21 May 2022
Born Free’s Conservation team, led by Head of Conservation Dr Nikki Tagg and Pride of Amboseli Conservation Manager David Manoa, with Conservation Manager Penny Banham and our entire Pride of Amboseli team have published an important scientific paper in Oryx - The International Journal of Conservation.
The article presents the results of Born Free’s study into the drivers of boma disrepair in the Amboseli region, demonstrating some interesting findings about the social pressures around maintaining these important enclosures, reinforced to protect livestock from predators including lions.
The number of lions in Kenya has rapidly reduced from 10,000 in the 1980s, to only 2,500 today, with an estimated 141 lions living in the Amboseli Ecosystem. Also in the Amboseli Ecosystem, >75% of people derive their livelihoods from livestock. With increasing land-use change, resources for all animals are restricted, and many carnivores, including lions struggle to find prey. Inevitably, livestock are taken by lions, lions are then persecuted and killed as a result, and life can be very difficult for all concerned, as both people and wildlife struggle for survival.
The Born Free Foundation has worked in Amboseli since 2010, implementing a simple yet effective programme to mitigate this conflict. The team works with pastoralists to reinforce their traditional acacia-thorn ‘bomas’ within which they corral their livestock at night, to fortify the structures using chain-link fencing, metal posts and doors, which cannot be penetrated by carnivores in search of an easy meal.
Since the start of the programme, the team has constructed over 360 ‘predator-proof bomas’, protecting >100,000 heads of livestock and helping secure the livelihoods of >7,500 people. Our predator-proof bomas are shown to be 91% effective at preventing carnivore incursion.
Moko Kupere, a Maasai pastoralists living in Olgulului who’s traditional boma was recently upgraded to a predator-proof boma, said: “The lions and hyenas have taken my livestock for many years, and they don’t say thank you! Me, I want to say thank you to Born Free for accepting to upgrade my predator-proof boma.”
Engagement of the boma owner is key to the long-term success of our programme – if predator-proof bomas are not maintained, they may lose their integrity, enabling carnivores to break in. Given the numerous pressures on pastoralist families – including more frequent and prolonged droughts potentially leading to loss of livestock, and therefore wealth – many things might discourage or prevent a predator-proof boma owner from ensuring upkeep.
Born Free looked at several potential drivers of boma upkeep, including the distance of the boma from the nearest national park; the extent of conflict in the immediate area; the size, age or materials used in constructing the boma; the number of livestock or people living within it; the density of traditional bomas in the immediate surroundings; and the distance to the nearest neighbouring predator-proof boma.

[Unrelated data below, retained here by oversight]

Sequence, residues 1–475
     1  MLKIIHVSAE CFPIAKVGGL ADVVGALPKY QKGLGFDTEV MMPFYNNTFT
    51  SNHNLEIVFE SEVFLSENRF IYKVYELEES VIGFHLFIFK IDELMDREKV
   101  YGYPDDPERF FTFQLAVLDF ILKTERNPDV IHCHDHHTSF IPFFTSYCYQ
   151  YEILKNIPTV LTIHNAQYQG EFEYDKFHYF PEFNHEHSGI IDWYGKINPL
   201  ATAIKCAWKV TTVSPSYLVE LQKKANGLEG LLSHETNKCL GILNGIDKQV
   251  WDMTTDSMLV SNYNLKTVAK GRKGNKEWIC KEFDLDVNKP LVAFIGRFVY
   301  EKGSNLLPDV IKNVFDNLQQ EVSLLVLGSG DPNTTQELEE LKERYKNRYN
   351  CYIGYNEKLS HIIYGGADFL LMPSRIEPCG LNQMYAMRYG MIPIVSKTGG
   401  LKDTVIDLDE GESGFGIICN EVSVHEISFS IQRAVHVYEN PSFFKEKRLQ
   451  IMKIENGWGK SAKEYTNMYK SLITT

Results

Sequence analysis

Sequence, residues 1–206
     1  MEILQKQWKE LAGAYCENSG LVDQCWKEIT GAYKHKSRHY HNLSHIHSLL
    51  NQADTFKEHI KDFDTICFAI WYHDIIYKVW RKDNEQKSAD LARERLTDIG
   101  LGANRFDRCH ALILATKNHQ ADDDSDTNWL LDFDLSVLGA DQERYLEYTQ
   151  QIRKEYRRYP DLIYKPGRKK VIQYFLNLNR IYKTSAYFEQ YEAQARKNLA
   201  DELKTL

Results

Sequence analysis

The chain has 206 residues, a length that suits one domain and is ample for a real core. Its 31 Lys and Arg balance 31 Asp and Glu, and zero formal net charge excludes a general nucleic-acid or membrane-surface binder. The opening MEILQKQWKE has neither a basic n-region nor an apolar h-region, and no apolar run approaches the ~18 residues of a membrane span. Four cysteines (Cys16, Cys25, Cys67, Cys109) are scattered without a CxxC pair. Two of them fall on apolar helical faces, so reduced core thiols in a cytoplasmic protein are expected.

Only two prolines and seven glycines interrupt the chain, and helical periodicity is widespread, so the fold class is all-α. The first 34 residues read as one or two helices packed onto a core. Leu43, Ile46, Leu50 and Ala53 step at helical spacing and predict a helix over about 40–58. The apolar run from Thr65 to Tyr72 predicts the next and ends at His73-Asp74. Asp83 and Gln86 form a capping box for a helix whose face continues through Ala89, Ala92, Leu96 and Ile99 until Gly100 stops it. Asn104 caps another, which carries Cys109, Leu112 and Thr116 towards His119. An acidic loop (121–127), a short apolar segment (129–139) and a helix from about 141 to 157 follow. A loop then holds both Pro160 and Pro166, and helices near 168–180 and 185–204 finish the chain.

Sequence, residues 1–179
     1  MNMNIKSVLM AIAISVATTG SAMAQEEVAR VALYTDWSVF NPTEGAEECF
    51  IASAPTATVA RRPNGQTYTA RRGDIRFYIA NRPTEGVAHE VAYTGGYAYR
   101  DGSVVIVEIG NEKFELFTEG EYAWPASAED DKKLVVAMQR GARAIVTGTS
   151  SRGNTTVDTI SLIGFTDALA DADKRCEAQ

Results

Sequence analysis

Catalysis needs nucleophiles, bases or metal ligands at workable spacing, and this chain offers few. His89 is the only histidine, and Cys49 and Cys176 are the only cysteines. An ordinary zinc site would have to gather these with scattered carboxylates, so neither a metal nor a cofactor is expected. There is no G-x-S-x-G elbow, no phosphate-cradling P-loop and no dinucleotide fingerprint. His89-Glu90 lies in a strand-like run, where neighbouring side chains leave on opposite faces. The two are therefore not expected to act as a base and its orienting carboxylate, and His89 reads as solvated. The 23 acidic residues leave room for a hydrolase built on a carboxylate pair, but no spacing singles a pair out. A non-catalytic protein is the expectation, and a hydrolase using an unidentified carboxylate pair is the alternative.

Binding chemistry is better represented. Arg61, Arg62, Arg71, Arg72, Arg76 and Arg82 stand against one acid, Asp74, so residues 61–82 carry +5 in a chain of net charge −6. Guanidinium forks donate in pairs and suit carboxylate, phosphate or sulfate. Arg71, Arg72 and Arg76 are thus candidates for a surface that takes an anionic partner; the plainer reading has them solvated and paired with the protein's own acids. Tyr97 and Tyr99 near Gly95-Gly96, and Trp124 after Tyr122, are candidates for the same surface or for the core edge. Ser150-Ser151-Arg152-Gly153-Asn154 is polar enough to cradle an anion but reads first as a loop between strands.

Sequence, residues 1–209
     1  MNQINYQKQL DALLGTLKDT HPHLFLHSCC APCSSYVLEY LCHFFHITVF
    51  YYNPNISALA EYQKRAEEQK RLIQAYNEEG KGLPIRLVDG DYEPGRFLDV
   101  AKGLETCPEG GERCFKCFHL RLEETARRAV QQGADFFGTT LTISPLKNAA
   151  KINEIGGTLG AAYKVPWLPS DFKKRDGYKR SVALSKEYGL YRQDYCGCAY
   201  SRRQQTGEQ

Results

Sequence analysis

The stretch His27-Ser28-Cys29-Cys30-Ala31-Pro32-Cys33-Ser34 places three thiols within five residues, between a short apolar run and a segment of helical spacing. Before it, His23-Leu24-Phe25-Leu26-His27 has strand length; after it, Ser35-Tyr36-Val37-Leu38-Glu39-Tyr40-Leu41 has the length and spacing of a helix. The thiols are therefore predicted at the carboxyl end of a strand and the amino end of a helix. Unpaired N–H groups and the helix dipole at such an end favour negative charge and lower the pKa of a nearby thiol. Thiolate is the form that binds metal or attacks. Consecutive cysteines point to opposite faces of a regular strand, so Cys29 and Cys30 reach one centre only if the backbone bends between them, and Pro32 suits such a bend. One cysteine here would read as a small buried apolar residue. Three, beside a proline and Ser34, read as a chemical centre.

Some of our findings surprised us. For example, we predicted more livestock in a boma to lead to more damage – we expected more animals coming into contact with the chain-link sides of the boma to directly lead to more damage. We thought this would be reflected in the analysis as more damage is simply harder to fix – due to time or cost. However, our results indicated the opposite – fewer livestock led to more damage. We suggest that this might be because fewer animals are able to move around more, and possibly faster, so contact with the fencing would cause more damage. Alternatively, a more subtle reason could be that, given livestock are currency for the Maasai pastoralists, with fewer livestock, a predator proof boma owner has a reduced financial capacity, and is less able to repair damage and maintain his or her boma.
We were not able to fully explore the possible influence on boma upkeep of the extent of conflict surrounding the boma. This was because we only had access to conflict data from a restricted part of the landscape so we could not include it as a variable in our main dataset with predator-proof bomas across the entire ecosystem. We would expect higher rates of conflict to translate to greater pressures on people thus encouraging them to maintain their predator-proof bomas, in a bid to keep lions out. A future study will examine this in more detail.
However, our study has revealed interesting insights into possible social drivers of boma maintenance. Those living in closer proximity to other predator-proof bomas were more likely to maintain their own predator-proof boma. This might be because predator-proof boma owners share skills and tips that they have learnt during construction and training, or perhaps they team up and assist each other with the physical aspects of boma maintenance, thus relieving some of the difficulties of doing so. Alternatively, the reason might be less about neighbourly comradery, in a ‘keeping up with the Jones’s’ type of peer pressure: if one predator-proof boma owner sees the effectiveness and integrity of his neighbour’s boma, this may encourage him to maintain his own to the same or higher standards, in a bid to not be outdone.
Whichever subtleties of human nature underlie this observation, we plan to explore the effect in more detail. If we can fully understand this important requisite of the long-term sustainability of our programme, we can apply it to help ease the pressures off pastoralists and protect the lions living in the landscape. For, of course, the lions of the landscape are their neighbours too.
The article ‘Drivers of predator-proof boma disrepair in the Amboseli Ecosystem, Kenya’ is available in Oryx—The International Journal of Conservation.